Suit adds to growing conservative doubts about Caldwell

While the jackpot justice quest by the Southeast Louisiana Flood Protection Authority – East is well known, another such spin of the wheel by a school district and teacher union threatens to land Atty. Gen. Buddy Caldwell in hot electoral water.

Months ago, the Louisiana Supreme Court ruled that the Minimum Foundation Program could not be used to fund the Louisiana Scholarship Program that paid for education at private schools for qualifying students. As part of that ruling, it engaged in a bit of judicial activism by redefining the Constitution to allow resolutions as legislative instruments to be treated as laws for procedural purposes, which in essence meant the resolution to fund the MFP of last year was invalid. Because of another series of events, this meant the formula reverted back to that of 2010, using the logic of the ruling.

Grubbing for funds, the St. John the Baptist School Board decided to file suit to get extra funds, because in these previous years no automatic 2.75 percent funding boost was contained as part of the formula, unlike 2010. But the Court seemed to anticipate somebody might be thinking along those lines and inserted some language that it could use to wiggle out of declaring some extra $200 million in spending must occur on education, contrary to the will of the Legislature and Board of Elementary and Secondary Education. Thus, this suit seems doomed.


Commissioners preparing to suck more money from the people?

It’s kind of a surprise that this summer only a couple of people applied for appointment to the Caddo Parish Commission seat of the late Joyce Bowman, subsequently awarded to her son Jerald who this week will try to entice voters to make it a full-time gig. Because, as it turns out, you can make a pretty good living at it off of other people’s money.

The Commission brought up in June the idea of increasing the members’ salaries $6,000 to $28,000 annually, and additionally other benefits. This pay is almost three times the figure commissioners made when I ran for the body 18 years ago (and pledged not to take a salary) – and it doesn’t include per diem expenses for travel to meeting and other trips they may take.

Their pay has crept higher because parish ordinance ties their pay to cost-of-living increases granted to all parish employees – a nifty incentive for steadily rising income for all concerned. And made much more possible over the past few years with the growing, and some retrenching, Haynesville Shale production, the continuing royalty payments from which have enabled the parish to be quite generous in this and other ways.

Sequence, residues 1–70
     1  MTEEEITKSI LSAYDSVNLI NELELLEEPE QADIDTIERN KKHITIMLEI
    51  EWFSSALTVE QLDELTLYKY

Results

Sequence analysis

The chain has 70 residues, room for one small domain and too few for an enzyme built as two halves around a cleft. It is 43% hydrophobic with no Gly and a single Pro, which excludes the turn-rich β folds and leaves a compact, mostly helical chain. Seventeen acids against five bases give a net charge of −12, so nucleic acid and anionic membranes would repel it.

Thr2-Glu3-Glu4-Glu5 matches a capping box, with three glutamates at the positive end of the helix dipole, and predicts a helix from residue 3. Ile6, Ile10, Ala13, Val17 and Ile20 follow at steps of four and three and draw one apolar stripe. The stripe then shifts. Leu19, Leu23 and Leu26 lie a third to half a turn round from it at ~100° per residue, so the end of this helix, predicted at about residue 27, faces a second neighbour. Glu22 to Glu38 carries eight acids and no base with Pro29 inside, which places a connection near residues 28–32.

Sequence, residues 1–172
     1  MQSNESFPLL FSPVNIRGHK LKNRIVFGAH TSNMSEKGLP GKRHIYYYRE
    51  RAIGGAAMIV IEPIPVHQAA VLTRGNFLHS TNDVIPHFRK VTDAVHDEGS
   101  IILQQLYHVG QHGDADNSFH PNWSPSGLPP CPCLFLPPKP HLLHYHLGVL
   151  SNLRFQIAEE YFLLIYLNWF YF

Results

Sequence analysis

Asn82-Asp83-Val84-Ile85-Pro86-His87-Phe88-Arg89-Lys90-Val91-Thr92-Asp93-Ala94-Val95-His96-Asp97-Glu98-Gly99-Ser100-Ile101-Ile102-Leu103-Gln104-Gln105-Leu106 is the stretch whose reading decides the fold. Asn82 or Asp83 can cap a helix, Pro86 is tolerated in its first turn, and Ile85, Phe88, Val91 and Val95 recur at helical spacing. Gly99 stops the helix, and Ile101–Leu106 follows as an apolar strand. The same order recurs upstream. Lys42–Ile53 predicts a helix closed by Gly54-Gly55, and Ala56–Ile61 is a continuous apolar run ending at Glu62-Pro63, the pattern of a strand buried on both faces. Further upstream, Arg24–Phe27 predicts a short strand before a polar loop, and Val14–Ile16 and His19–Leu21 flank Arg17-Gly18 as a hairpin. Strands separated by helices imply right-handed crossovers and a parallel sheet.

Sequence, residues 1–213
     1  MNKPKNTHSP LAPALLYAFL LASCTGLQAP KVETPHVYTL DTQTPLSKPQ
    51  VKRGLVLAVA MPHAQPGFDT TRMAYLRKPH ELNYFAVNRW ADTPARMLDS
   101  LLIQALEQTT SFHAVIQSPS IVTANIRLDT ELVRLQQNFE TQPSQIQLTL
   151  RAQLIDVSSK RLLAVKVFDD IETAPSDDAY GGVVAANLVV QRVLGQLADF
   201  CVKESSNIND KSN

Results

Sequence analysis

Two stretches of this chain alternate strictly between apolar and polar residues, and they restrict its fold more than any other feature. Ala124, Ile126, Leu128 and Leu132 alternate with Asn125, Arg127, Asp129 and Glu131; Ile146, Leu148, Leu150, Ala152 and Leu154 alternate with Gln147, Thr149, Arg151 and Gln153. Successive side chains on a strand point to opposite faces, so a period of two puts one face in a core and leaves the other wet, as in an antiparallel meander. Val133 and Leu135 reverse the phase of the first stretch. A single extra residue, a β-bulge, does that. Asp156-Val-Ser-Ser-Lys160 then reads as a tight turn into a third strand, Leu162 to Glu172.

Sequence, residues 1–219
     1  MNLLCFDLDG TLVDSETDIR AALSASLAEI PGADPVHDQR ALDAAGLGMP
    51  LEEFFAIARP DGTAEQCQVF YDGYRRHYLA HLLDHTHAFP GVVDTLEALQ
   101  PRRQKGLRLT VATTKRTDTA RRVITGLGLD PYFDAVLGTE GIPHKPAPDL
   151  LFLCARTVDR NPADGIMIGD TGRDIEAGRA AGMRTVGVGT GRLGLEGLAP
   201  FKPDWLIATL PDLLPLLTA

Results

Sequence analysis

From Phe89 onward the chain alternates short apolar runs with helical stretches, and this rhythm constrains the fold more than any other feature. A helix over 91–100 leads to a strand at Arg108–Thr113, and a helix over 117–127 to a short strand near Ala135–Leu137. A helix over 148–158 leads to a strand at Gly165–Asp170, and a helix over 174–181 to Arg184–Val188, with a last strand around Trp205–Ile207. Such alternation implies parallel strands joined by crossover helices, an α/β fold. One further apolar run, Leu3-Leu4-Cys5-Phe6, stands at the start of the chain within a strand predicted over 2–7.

Lack of GOP interest in Sixth CD should not worry party

Just more than a year out for election to the U.S. House, what one inside-the-Beltway publication called a “safe” Republican seat in Louisiana has attracted surprisingly little interest from putative GOP candidates – which doesn’t mean a quality Republican may not get elected.

As far as announced intentions, only three people have expressed interest in running for the Sixth Congressional District spot, centered around Baton Rouge. Two Republicans, first term Baton Rouge Metropolitan Councilman Ryan Heck and businessman Paul Dietzel, and Democrat real estate broker Richard Dean Lieberman have declared such in intention. Incumbent Rep. Bill Cassidy is running for the U.S. Senate.

Between the announced Republicans, they hardly have any elective experience. A couple of others who currently sit in the state Senate had expressed interest, but one recanted quickly and another seems poised to do so. State Sen. Norby Chabert remains interested, but being from the southern end of the district a distance from Baton Rouge puts as many obstacles to his candidacy as the benefits from his less-than-a-full term tenure in his current position would bring him.